Trying to see the little digital camera screen through the mesh is a challenge.  The mesh is very fine and therefore the screen is hard to see in much detail.  I took almost 200 photographs and had to weed through them and crop a few to get the pictures I was aiming for.  Still, I think you'll be able to enjoy the sights that I was seeing.  I just can't get enough of those apple blossoms. They start out as a deep rosy pink in bud form.

Then they burst open into a pale pink that becomes more and more white with age.

They are only here for a short time, but it's a beautiful time.

Last year, due to late frosts, the apple blossoms never came out for me.  I really didn't have any to speak of, and I think I saw about 20 apples total last fall on all my trees (about 10 or so).  This year, every tree is thickly covered with blossoms....hundreds and hundreds of them!

The bees were enjoying all the pollen they could fit onto their legs.  Here's a bee on a dandelion.  See his pollen "baggage" on his legs?

His pollen trousers remind me of water wings that children wear in swimming pools!

Then, there were the bees enjoying the apple blossoms, probably just as much as I was, if not more.  Here comes one from the right, choosing its blossom.  You can just see the wings.
Bee bum!  
 I love how this picture turned out.  The blossoms aren't the showiest, but the bee is great!
As I continued to walk around, I noticed another visitor in the apple trees.  I had a flock of cedar waxwings who were eating the blossom petals.  I didn't know they would eat petals, but after some research, I found out that they do.  Not a bad breakfast, for a bird!  The waxwings are a little bit secretive and furtive in their movements, so it was hard to photograph them, especially given my difficulty in seeing the screen, but I think you can see them well enough in these pictures to identify them.  There are three of them in this picture, if you can find them amongst all those blooms!

Here you can see that the bird on the left actually has a petal in its beak.
I managed to catch one in flight.
Unfortunately I didn't manage to get a picture showing those tiny red tips on their wing feathers, but they are still lovely birds.  I think there were about ten of them hopping about in the trees.

I was quite captivated with the beautiful show that nature put on for me this morning, despite the black flies. See, I am still smiling!

Friday, May 17, 2013

Spring is finally here

I'm glad to say that spring is finally arriving here in my part of the world.  It sure has taken its time this year, but things are beginning to turn green instead of being brown.  I won't mention the fact that there are flurries forecast for tomorrow because that would just ruin everything...

So, I have daffodils!  Yay!  The one thing that the goats simply don't eat.  I'm not sure why, but apparently they just don't taste good.  All the other bulbs were destroyed by the goats, before they really made it out of the ground, but the daffodils keep coming back.  That's a lovely treat for me since I love gardening and used to have a really beautiful flower garden.  One day when I get fences put up, I can have one again I hope.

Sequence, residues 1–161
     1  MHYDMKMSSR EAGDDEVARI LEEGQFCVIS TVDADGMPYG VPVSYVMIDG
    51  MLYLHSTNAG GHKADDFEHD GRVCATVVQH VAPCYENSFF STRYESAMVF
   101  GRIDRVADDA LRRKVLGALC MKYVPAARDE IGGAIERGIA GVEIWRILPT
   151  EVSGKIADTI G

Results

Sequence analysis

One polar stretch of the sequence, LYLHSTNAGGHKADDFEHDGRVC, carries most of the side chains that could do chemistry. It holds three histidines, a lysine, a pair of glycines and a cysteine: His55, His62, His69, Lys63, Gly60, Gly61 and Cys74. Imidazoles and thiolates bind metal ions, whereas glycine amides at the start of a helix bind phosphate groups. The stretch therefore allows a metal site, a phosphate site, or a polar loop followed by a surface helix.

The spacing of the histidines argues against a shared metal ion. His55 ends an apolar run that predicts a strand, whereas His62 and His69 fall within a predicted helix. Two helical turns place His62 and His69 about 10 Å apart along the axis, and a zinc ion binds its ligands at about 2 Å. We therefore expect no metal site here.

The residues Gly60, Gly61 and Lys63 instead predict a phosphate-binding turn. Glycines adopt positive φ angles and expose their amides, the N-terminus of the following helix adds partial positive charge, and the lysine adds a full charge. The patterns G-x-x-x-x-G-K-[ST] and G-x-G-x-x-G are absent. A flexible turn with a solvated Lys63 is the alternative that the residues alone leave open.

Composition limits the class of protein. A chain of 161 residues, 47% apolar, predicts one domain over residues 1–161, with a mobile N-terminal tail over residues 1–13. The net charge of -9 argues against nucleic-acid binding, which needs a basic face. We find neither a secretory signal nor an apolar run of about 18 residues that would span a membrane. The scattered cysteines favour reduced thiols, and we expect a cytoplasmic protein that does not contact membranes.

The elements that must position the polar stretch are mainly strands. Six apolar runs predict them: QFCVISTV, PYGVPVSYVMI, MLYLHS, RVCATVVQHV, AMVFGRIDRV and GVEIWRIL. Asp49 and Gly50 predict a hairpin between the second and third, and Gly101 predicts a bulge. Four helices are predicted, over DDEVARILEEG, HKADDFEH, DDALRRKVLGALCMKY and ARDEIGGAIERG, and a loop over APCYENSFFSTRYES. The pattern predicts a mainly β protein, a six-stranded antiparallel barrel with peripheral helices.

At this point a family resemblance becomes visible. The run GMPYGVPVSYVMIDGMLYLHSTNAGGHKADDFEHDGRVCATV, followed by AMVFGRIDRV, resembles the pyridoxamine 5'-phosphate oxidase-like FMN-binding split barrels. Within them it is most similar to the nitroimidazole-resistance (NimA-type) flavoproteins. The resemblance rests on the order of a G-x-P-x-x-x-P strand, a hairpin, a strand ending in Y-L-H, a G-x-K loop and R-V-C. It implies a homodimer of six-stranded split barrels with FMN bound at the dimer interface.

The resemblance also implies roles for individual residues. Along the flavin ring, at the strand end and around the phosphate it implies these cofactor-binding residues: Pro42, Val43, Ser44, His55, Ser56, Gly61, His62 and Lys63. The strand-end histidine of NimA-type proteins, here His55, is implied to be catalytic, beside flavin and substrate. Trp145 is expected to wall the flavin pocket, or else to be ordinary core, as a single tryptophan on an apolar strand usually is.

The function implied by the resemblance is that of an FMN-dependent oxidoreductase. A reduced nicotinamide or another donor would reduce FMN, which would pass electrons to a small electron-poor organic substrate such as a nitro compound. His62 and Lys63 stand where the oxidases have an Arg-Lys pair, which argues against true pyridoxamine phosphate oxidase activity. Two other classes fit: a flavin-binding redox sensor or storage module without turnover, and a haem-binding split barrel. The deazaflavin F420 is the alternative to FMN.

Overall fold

There are three different daffodil cultivars in my garden now - the classic all yellow, the one above that is white with the pale yellow "frilly" inside, and this one below, which is rather beautiful with its dark orange rim.  See the little ant in there?  I didn't notice that when I took this picture!

The tree leaves are just starting to come out.  That's pretty late, even for here.

I have a lot of trees with black knot fungus.  Unfortunately it's so widespread in this area that there really isn't much point to trying to control it.  It only affects Prunus species, which in this area means choke-cherries and wild plums.  It looks unsightly but the leaves cover it later in the summer.

Down on the swampy part of my field, the wild iris patch is coming back.  They have beautiful yellow flowers later in the early summer.  It's strange because there's just this one patch, but it's lovely when it's in bloom.  It's nice to see those green spears returning.  Here's a picture of the patch from my driveway.

Here they are a little more close-up!  I think if I were a duck or other water bird, I'd like to hang out in the middle of that patch to build my nest!

Some of the trees are beginning to blossom now.  These have a lovely scent.

I'm particularly pleased to see copious blossoms forming on the apple trees.  Last year there weren't any apples on most of the trees because there was a late frost and the blossoms didn't make it.  I'm hoping for a better harvest this year.  They make great treats for goats and sheep!

This is one of those interesting evergreen species that loses its needles every year.  They're starting to emerge again now.  I think it's a larch species but I'm not sure which one.  If anyone knows, I'd be delighted to find out.

Also, I've seen some tadpoles in the stream!  This picture shows the area that makes a fairly deep pool most of the time, and that's where I see tadpoles at this time of year, and fish later in the year.  The rest of the stream is shallower, rushing over rocks and making little waterfalls, but this one area stays more calm and has slower movement.  When I walk by, if the sun is in the right spot, my shadow makes all the tadpoles and little fish dart to the shady spots to hide.